Texting Behind the Wheel in NJ? It’s Going to Cost You
Text while driving is illegal in New Jersey, but up until now the fines for committing the offense haven’t been too serious. Currently, the fine is only around $50 per infraction, which doesn’t go far to deter drivers who can’t put their smart phones down. That’s about to change in the hopes of decreasing violent car accidents, according to The Trentonian. The Senate Law and Public Safety Committee voted unanimously this week to increase the fines and penalties for drivers who text. The new escalating fines start at $100 to $200 for the first offense, $400 for the second offense, and a wallet-crunching $600 for a third strike. Additionally, repeat offenders can also have their driving privileges suspended for 90 days and acquire three points on their drivers’ licenses. Accumulating points on licenses can lead to further suspensions and increased auto insurance premiums.
Driver distraction is the leading cause of car accidents in New Jersey and other states across the country, according to the National Highway Traffic and Safety Administration. Texting while behind the wheel not only takes focus away from the road; it bares striking similarities to trying to drive while blindfolded. Many drivers, particularly teens, don’t realize how far vehicles can actually travel while their heads are down looking at their cell phones.
A car traveling at highway speed can cross the length of a football field in the time it takes to send a single text message. Can anyone really make an argument that that’s anywhere approaching safe?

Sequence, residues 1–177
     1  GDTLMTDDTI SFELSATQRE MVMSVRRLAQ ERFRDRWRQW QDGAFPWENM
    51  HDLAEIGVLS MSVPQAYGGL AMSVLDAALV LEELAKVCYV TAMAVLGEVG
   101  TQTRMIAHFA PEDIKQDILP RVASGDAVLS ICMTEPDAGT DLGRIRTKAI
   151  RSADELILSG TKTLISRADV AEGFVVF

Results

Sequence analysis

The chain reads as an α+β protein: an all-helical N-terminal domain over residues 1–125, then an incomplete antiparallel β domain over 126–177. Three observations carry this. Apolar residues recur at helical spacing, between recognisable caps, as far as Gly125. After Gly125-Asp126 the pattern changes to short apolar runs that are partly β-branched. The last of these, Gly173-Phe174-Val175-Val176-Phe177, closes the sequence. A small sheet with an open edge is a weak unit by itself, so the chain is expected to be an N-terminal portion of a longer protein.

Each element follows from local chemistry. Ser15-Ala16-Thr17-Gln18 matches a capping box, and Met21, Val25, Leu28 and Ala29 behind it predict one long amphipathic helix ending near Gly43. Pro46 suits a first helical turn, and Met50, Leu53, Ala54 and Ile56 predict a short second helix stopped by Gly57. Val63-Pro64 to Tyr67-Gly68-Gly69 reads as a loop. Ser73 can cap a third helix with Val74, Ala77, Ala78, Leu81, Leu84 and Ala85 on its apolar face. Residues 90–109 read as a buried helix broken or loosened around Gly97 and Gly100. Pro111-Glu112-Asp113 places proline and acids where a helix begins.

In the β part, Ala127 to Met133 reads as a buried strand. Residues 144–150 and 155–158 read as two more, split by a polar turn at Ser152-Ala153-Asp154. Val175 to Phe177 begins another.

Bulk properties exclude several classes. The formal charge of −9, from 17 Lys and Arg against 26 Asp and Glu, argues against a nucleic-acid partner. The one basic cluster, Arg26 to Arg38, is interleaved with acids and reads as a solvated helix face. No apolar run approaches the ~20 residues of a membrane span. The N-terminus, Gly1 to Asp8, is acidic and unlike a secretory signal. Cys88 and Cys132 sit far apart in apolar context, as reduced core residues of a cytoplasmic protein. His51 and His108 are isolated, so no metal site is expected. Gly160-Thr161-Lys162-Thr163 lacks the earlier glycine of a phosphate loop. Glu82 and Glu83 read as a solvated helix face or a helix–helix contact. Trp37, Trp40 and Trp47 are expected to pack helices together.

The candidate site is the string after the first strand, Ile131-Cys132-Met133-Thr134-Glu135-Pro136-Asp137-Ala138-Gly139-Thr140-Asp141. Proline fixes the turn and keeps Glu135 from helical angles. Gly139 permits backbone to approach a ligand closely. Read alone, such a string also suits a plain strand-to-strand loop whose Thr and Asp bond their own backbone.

The responsibility of texters has also faced a recent battle in New Jersey Superior Court. Judge David Rand ruled the sender of a text message, Shannon Colonna, can’t be held liable for the motorcycle accident that resulted in David and Linda Kubert losing their legs. The driver, Kyle Best, who received that text message, is still liable for those injuries.
New Jersey is trying to be a leader when it comes to banning cell phone use on its roadways. The state is one of nine in the country that ban all handheld devices behind wheel and one of 35 that makes texting while driving illegal.
A car accident resulting from a distracted driver can be devastating. The lack of any defense moves prior to the crash can lead to extensive damage and life-threatening injuries. If you or someone you loved has suffered injuries at the hands of a distracted driver, you may be entitled to compensation. Contacting a team of experienced car accident attorneys in New Jersey is the best strategy to preserve your rights and win the best settlement for your losses.
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